Country Focus: South Korea

by Mindy Dake
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Official name: Republic of Korea.
Capital: Seoul.
Population: 44.2 million, of which 85% is urban. Growth rate 0.9%. About 17% of the labor force works in agriculture.
Language: Korean.
Religion: Buddhism, Christianity, strong Confucian tradition.
Government: Republic. Leaders are President Kim Young Sam, who took office in February 1993, and Hwang In Sung, named by the president as premier.
Official agricultural agencies: Ministry of Agriculture, Forestry and Fisheries.
Land and climate: Land area is 98,190 square km, mostly hills and mountains, with coastal plains in the west and south. About 21% of area is arable land. Climate is temperate, with heavier rainfall in summer.
South Korea is bordered on the north by North Korea. The remaining boundaries consist of 2,413 km of coastline on the Yellow Sea to the west, the Sea of Japan to the east and the Korea Strait.
Economy: Market economy. The industrial sector accounts for about 45% of annual G.D.P. Industrial production centers on textiles, clothing, leather goods, electronics and automobiles. Real G.D.P. has increased by more than 10% annually during the last six years.
G.N.P. per capita: U.S.$6,250 (1991). Agriculture accounts for about 8% of total G.N.P.
Currency: Won.
Major crops: Rice is South Korea's dominant crop. Other major crops are vegetables, fruits and barley.
Rice: South Korea is self-sufficient in rice, with annual production generally totaling around 7 million to 7.5 million tonnes and domestic consumption totaling around 5.5 million. The government purchases the surplus to support rice producers.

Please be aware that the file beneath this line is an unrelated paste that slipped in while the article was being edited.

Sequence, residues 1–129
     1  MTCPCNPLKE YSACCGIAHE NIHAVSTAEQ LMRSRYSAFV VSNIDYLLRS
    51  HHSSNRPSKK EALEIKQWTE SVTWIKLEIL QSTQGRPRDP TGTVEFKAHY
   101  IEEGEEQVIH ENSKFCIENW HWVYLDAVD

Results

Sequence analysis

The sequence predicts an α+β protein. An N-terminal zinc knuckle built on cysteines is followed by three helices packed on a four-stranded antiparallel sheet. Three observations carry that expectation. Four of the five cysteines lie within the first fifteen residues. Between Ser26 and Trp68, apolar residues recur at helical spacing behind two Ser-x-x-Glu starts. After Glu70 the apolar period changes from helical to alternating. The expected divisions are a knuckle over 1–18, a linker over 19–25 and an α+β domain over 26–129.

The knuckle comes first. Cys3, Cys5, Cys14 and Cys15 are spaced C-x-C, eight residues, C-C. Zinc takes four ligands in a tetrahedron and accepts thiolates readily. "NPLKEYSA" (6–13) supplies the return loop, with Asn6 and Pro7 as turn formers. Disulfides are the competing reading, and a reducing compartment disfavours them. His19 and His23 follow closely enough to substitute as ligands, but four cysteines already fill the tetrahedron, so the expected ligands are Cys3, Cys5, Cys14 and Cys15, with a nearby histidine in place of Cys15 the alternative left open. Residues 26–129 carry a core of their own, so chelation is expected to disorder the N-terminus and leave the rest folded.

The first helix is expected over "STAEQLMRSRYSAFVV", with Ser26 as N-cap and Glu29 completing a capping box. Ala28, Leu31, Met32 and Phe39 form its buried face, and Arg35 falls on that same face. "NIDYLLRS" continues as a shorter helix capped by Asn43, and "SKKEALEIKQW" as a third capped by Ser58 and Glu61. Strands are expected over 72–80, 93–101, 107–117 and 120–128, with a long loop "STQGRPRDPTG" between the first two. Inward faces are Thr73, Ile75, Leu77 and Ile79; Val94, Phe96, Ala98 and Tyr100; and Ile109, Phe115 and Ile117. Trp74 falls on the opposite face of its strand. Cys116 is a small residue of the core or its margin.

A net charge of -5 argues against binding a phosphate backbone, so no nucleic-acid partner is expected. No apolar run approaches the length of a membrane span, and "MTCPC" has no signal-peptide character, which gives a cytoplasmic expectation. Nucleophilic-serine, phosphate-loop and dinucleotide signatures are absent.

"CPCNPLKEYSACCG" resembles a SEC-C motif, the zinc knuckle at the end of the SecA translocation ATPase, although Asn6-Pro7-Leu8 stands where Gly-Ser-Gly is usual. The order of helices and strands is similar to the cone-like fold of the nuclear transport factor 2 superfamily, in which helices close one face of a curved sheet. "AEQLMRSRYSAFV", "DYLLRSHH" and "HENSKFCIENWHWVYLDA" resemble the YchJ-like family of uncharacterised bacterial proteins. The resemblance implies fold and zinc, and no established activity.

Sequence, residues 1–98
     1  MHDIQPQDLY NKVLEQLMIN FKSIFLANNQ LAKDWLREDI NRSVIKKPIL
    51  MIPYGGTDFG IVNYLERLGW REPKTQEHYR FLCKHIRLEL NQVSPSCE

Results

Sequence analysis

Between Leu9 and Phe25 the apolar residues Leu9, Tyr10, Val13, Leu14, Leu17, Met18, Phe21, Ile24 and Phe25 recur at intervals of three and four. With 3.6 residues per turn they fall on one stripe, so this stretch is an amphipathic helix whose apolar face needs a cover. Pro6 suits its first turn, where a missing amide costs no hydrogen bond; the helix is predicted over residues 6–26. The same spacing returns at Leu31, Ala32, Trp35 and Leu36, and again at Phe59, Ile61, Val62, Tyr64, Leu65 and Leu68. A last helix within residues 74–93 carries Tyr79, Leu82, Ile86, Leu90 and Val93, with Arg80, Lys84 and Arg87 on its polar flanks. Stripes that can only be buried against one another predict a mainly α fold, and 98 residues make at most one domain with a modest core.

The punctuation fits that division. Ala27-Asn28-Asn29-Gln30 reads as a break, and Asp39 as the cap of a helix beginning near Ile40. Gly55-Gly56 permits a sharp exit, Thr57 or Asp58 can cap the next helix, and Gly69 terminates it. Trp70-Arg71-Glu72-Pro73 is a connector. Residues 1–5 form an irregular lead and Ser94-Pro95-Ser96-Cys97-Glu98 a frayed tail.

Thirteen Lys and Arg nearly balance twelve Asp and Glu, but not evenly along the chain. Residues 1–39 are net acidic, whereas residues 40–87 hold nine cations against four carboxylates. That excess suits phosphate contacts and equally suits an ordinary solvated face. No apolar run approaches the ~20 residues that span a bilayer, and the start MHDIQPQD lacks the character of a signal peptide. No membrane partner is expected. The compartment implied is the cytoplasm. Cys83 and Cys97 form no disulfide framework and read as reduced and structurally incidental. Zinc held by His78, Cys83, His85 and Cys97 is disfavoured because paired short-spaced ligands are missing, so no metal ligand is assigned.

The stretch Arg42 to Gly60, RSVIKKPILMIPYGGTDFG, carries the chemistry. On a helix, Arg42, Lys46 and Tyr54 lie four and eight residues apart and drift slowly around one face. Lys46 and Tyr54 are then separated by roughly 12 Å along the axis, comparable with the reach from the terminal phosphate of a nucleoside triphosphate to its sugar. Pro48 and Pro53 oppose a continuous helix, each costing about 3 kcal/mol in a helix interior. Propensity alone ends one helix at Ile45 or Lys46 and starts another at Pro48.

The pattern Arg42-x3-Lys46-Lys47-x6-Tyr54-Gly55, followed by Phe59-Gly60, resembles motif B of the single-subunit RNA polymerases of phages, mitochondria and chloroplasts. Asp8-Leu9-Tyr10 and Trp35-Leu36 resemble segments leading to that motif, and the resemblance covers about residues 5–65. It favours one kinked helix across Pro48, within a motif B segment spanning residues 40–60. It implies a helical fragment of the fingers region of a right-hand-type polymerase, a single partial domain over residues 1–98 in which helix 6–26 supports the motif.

Rice plantings make up more than half of all area planted to crops, but are declining gradually amid urbanization, increased cultivation of high-value fruits and vegetables and land abandonment in rural areas.
Wheat and coarse grains: South Korea produces a negligible amount of wheat and coarse grains. Total consumption approaches 12 million tonnes annually, about 95% of which is supplied by imports.
Livestock: South Korea's livestock sector consists of relatively small individual operations. The average swine farm holds about 40 pigs, and more than half of all beef cattle are raised on farms with only one to four animals. Some integration into larger-scale operations is occurring in the swine and poultry industries.
In the last decade, beef, pork and poultry demand has soared, driven by increasing consumer incomes. Per capita consumption of beef, pork and poultry each doubled, and beef consumption in 1993 was expected to increase by 17% from 1992.
South Korea imports only small amounts of pork and poultry, but domestic beef production cannot keep pace with demand growth. About 55% of 1993 beef consumption is expected to be supplied by imports.
Transportation: South Korea has 3,106 km of government-owned railroads, 98% of which are standard gauge. There are 62,936 km of highways, with 13,476 km in the national highway system. The remainder are provincial and local roads.
Major ports include Inchon, on the Yellow Sea, and Pusan, on the country's eastern coast.